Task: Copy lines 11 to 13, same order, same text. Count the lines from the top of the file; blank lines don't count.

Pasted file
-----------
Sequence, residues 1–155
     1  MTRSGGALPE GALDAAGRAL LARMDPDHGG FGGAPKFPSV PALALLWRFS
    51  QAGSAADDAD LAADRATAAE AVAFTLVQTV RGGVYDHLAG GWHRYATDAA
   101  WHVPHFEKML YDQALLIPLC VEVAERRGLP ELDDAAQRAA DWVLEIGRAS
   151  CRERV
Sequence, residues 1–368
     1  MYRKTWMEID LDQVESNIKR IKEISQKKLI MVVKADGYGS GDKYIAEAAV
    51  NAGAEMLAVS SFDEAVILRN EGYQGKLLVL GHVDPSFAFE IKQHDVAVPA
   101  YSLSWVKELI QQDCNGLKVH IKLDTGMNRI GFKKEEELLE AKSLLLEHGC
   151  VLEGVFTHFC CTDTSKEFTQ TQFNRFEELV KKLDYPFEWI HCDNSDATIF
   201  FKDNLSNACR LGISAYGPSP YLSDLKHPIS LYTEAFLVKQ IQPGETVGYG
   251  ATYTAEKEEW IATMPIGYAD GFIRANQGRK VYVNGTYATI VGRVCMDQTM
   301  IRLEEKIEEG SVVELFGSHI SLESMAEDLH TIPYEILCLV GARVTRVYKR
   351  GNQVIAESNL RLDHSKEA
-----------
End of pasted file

   201  FKDNLSNACR LGISAYGPSP YLSDLKHPIS LYTEAFLVKQ IQPGETVGYG
   251  ATYTAEKEEW IATMPIGYAD GFIRANQGRK VYVNGTYATI VGRVCMDQTM
   301  IRLEEKIEEG SVVELFGSHI SLESMAEDLH TIPYEILCLV GARVTRVYKR